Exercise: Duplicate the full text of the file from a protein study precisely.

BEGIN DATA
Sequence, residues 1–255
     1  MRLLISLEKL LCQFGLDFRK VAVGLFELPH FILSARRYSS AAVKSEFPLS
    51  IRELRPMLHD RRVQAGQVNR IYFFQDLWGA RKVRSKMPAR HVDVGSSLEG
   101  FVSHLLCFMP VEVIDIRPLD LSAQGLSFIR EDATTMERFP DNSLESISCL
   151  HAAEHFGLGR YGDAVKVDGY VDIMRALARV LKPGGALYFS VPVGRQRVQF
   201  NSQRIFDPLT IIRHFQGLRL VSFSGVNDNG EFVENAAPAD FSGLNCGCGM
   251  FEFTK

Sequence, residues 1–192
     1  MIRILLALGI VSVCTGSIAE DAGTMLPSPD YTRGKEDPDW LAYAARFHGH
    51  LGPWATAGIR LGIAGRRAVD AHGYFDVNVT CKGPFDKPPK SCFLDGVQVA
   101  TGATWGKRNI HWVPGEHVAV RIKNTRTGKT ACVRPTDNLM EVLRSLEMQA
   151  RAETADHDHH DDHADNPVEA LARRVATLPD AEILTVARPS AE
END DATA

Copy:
Sequence, residues 1–255
     1  MRLLISLEKL LCQFGLDFRK VAVGLFELPH FILSARRYSS AAVKSEFPLS
    51  IRELRPMLHD RRVQAGQVNR IYFFQDLWGA RKVRSKMPAR HVDVGSSLEG
   101  FVSHLLCFMP VEVIDIRPLD LSAQGLSFIR EDATTMERFP DNSLESISCL
   151  HAAEHFGLGR YGDAVKVDGY VDIMRALARV LKPGGALYFS VPVGRQRVQF
   201  NSQRIFDPLT IIRHFQGLRL VSFSGVNDNG EFVENAAPAD FSGLNCGCGM
   251  FEFTK

Sequence, residues 1–192
     1  MIRILLALGI VSVCTGSIAE DAGTMLPSPD YTRGKEDPDW LAYAARFHGH
    51  LGPWATAGIR LGIAGRRAVD AHGYFDVNVT CKGPFDKPPK SCFLDGVQVA
   101  TGATWGKRNI HWVPGEHVAV RIKNTRTGKT ACVRPTDNLM EVLRSLEMQA
   151  RAETADHDHH DDHADNPVEA LARRVATLPD AEILTVARPS AE